Death: Be Not Proud

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I suppose it was bound to come to this. The German artist Gregor Schneider is looking for someone terminally ill who would be willing to die in public, in something like a gallery setting. The next sound you hear will be critics and columnists, including me, chewing over the ethical implications, reminding you of art’s long fascination with death, and wondering whether it’s different when you move from the imagery of death to presenting the thing itself as a kind of living theater. Throw in a mention of Kafka’s “The Hunger Artist”, about a performer who starves himself to death before an indifferent public, and you have a well rounded little essay.

This is another way of saying I don’t have an answer to the question of whether Schneider’s project, should it happen, is an outrage or a public service. I don’t think it’s worth belaboring the question “Is it art?” The development of performance and conceptual art long ago laid that question to rest, if you will. Any activity undertaken in a gallery setting becomes art.

That leaves the more important question — is it a good thing? And here will be my helpful addition to that conversation. The single most powerful work I saw at the Venice Biennale last summer was a video that the French artist Sophie Calle made of her mother’s very peaceful death at home in bed. At some point during the 13-minute video her mother simply stops breathing, though it happens so gently you can’t tell just when that moment is. A wall card explained that Calle’s mother had consented to the taping.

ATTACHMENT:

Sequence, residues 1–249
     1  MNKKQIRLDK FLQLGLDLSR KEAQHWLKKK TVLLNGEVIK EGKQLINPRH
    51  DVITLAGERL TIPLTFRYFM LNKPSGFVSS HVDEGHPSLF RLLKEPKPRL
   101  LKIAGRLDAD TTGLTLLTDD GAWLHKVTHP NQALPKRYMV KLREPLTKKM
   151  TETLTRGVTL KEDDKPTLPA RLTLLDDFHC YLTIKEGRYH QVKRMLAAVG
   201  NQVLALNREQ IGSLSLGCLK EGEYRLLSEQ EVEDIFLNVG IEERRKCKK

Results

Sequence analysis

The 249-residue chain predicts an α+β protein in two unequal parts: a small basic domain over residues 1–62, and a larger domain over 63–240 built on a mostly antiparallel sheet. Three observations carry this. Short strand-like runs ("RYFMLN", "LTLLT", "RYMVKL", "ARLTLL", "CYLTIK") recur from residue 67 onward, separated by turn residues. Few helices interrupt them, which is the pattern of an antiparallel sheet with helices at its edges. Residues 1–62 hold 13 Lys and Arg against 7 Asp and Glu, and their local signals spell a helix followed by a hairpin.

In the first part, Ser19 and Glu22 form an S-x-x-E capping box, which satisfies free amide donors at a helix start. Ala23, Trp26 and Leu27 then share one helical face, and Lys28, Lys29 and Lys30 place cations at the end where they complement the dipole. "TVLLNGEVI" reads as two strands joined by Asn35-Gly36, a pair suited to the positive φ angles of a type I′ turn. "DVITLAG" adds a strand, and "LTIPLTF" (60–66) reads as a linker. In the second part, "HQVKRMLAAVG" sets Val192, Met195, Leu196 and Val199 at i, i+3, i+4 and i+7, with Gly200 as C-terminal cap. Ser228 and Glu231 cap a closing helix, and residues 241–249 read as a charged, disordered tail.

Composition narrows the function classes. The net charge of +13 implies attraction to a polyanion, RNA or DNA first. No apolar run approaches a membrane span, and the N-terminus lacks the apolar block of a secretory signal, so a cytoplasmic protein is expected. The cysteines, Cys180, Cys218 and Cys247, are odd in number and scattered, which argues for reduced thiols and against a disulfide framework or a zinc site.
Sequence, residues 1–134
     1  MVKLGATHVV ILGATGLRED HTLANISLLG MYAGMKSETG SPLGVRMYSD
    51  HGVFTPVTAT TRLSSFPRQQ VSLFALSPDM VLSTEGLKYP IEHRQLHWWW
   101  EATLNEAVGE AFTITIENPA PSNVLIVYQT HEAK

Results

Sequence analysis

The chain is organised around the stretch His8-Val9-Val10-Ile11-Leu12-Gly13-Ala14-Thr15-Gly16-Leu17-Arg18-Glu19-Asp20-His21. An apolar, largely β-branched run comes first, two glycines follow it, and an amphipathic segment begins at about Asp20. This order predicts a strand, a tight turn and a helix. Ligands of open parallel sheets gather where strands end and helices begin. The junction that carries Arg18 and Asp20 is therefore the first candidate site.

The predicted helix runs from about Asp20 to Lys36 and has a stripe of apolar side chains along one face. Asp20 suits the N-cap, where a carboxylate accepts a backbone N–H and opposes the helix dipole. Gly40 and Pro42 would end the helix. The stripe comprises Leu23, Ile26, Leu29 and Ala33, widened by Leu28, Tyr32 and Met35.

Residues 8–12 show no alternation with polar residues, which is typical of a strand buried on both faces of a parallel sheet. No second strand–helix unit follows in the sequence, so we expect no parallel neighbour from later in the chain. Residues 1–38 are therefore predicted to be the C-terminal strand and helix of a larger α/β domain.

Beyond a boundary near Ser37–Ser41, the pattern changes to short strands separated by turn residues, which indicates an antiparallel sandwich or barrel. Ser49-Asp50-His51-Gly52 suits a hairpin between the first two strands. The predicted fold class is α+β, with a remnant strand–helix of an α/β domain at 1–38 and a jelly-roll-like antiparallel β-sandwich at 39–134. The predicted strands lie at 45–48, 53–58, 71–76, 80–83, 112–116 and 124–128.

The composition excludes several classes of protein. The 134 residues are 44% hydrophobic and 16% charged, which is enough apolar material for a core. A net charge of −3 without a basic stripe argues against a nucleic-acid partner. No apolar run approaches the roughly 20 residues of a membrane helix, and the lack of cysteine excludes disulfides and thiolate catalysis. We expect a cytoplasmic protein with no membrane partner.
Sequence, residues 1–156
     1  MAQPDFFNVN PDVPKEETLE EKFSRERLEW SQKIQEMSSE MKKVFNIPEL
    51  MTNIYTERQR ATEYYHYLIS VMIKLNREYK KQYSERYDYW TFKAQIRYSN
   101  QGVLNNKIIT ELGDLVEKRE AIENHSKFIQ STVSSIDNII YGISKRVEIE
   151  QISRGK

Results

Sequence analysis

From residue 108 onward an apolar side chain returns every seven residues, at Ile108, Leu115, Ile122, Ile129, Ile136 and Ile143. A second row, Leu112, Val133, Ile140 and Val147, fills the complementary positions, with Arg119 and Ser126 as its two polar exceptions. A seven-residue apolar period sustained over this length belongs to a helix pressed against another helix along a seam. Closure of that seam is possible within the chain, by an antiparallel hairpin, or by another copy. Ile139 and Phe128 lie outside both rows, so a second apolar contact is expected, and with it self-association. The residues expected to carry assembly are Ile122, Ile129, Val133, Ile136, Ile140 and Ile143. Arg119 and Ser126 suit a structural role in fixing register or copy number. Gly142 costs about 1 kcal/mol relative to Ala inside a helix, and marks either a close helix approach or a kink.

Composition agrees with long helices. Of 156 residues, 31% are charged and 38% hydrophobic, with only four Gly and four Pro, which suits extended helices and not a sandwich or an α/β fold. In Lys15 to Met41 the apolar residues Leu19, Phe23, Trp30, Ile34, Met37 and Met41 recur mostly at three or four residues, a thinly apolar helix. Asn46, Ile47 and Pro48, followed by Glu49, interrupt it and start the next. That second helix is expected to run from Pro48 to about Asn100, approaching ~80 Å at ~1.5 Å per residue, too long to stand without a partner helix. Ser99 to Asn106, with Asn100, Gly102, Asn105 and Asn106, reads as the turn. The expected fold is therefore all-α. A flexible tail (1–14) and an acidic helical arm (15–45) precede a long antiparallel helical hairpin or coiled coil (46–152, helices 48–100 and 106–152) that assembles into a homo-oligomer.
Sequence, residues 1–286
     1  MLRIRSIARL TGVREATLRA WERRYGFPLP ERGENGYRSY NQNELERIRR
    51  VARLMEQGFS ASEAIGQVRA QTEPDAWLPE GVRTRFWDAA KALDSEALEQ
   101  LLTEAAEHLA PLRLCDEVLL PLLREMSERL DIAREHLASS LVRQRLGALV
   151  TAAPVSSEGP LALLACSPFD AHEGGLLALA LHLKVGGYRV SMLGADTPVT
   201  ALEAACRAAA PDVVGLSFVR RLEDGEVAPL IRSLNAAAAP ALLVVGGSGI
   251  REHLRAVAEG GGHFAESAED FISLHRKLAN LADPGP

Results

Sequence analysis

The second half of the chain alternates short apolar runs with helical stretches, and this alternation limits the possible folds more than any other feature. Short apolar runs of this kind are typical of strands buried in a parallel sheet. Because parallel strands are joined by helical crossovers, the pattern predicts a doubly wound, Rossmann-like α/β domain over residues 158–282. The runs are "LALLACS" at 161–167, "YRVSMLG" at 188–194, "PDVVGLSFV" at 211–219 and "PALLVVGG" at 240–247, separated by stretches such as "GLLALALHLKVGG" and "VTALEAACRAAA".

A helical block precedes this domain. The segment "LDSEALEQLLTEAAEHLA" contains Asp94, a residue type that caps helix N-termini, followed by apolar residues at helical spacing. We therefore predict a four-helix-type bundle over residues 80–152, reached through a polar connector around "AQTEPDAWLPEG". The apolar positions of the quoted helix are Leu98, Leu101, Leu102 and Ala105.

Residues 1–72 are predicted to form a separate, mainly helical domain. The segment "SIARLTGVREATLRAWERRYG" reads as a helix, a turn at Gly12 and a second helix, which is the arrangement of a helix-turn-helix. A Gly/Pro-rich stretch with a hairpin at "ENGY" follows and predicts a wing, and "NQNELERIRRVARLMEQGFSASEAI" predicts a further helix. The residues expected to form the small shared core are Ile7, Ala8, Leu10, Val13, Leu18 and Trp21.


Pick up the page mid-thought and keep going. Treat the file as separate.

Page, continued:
I visited that piece twice, and on both visits people in the gallery were wiping their eyes. I was one of them. Who were we crying for, Calle’s mother, whom probably none of us knew personally, or ourselves? And did our tears validate our voyeurism — meaning, did our sympathetic response acquit us of the charge of ghoulish curiousity? Even better — could ghoulish curiousity have its morally beneficial side, by leading us to watch a video that impressed on us the power and mystery of death?

Then again, is that what the video did? Did it matter that most of us probably moved on from that gallery to whatever art we were going to look at next? This is what I did both times. What that might mean is that however tender our response to what we had seen, we still somehow weren’t according it the respect — would that be the word? — it deserved. Among the many spectacles of the Biennale, it had become one more.

Would it have mattered in that case if, after seeing it, I had left the grounds of the Biennale and, say, sat outside staring at the water for an hour, as you might do after witnessing a death that occurred in your own presence? By watching that video, had I helped myself come to terms with death, or just confined it to the realm of manageable spectacles?

To put it another way, is awe the only appropriate response to death, and is that a response you can ever hope to summon in the face of death offered as a performance?

As mentioned, I’m not in answering mode today. Just putting those questions out there.

And tomorrow I’ll try to write about something more uplifting.

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